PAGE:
Harry Redknapp and Tottenham’s progression through the Champion’s League this season has reignited the 4-4-2 in European ties. So it seems a fitting juncture to discuss the reasons behind English teams disposing of the, until then, traditional two-striker system early in the previous decade.
Until the mid-2000s – and in many quarters, even today – tactical flexibility in a team was derided by fans and the media in England as a form of weakness. A traditional 4-4-2, without much variety at all, had been the cultural coda since Charles Hughes’ FA coaching policy was written. There is also a societal antipathy directed toward the tinkerer in this country (he is confused, without knowledge of his best XI etc) whereas in, say, Italy if a manger’s tactical scheme changes in relation to the opponents he faces, he is seen as looking for solutions. Being reactive isn’t as weak an ideal as many deem it where football is concerned.
“We [English footballers and coaches] do not think about tactics…The 4-4-2 is the easiest formation to play if you’re poor technically and we’ve never been the best in terms of technique.” –David Platt
Platt’s point is not unfounded; tactical flexibility is contingent on technical mastery. Why 4-4-2 became the prescribed approach to our game is not the question at hand but it is interesting to wonder: historically, do we play 4-4-2 because we don’t have the players? Or do we not have the players because we play 4-4-2?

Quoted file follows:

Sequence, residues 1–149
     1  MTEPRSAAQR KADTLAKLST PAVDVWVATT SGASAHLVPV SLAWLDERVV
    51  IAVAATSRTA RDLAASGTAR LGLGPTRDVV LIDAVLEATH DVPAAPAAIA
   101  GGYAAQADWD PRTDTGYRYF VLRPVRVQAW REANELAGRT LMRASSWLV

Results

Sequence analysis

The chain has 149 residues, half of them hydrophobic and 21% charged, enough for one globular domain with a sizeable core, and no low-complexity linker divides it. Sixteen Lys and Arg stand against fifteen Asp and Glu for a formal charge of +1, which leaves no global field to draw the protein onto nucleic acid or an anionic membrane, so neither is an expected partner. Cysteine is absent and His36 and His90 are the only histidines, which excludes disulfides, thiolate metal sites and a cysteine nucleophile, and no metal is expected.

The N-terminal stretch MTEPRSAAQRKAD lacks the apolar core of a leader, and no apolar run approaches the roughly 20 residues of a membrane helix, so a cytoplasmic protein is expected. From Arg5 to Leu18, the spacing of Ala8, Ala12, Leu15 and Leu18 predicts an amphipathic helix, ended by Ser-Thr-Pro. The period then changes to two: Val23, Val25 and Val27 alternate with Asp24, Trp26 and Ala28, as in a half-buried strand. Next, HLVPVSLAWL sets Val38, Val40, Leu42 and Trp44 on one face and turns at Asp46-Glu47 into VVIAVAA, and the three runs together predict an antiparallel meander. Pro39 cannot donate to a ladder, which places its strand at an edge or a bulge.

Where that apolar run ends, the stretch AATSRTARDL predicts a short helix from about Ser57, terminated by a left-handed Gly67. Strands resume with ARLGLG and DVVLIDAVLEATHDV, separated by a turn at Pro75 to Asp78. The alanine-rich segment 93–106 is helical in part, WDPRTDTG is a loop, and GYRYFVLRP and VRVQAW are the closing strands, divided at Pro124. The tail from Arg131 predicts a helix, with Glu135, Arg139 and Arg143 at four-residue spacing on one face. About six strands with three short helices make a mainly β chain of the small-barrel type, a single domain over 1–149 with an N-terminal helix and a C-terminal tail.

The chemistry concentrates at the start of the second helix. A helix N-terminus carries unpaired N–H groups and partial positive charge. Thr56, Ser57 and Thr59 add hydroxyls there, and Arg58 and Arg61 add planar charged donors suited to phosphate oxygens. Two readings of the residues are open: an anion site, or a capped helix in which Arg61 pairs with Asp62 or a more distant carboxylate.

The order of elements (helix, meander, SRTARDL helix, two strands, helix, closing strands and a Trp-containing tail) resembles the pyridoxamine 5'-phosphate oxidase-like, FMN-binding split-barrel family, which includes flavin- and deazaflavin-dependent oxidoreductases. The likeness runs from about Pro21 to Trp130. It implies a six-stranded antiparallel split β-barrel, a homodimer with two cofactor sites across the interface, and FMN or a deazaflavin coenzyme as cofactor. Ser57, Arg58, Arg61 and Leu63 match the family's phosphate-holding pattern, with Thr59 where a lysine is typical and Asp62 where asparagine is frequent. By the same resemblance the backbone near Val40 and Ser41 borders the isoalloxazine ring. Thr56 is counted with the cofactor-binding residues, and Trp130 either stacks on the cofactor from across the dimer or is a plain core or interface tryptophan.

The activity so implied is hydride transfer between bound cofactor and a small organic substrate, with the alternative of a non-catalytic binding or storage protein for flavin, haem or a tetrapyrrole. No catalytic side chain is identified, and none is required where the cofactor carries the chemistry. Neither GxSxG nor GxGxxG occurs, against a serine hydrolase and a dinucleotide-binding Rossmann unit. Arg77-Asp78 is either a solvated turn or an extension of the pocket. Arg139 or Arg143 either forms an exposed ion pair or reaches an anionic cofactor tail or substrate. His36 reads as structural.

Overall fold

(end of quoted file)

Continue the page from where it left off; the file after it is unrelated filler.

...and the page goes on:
It’s obvious to note that English dominance in the Champions League over the past 5 or 6 years has been without the 4-4-2. Liverpool, Chelsea, Manchester United, and Arsenal have all made it to the semi-finals or more and none have employed the traditional 4-4-2. The reason for this is simple; European football demands tactical flexibility and other teams, particularly the Italians, have been clinically adept in the past at dismantling the formation. Ferguson talks openly about the discipline and flexibility he desired in Europe, especially after losing to Marcelo Lippi’s Juventus:
“I remember playing Juve in the mid-1990s…We get a throw-in near the corner flag. Gary Neville takes the throw and Alen Boksic goes up the other end and scores…That was it, one-nil and that was all they needed. We learned from that…Italians don’t get caught on counter attacks like that. We had to learn to do the same.”
Arsene Wenger is a believer of the 4-4-2 not due to any romantic notions of English tradition but because of its efficient coverage of space on the football pitch:
“I think it’s the most rational formation in most cases. With a 4-4-2, sixty per cent of your players are covering sixty per cent of the pitch. No other formation is as efficient at covering space.”
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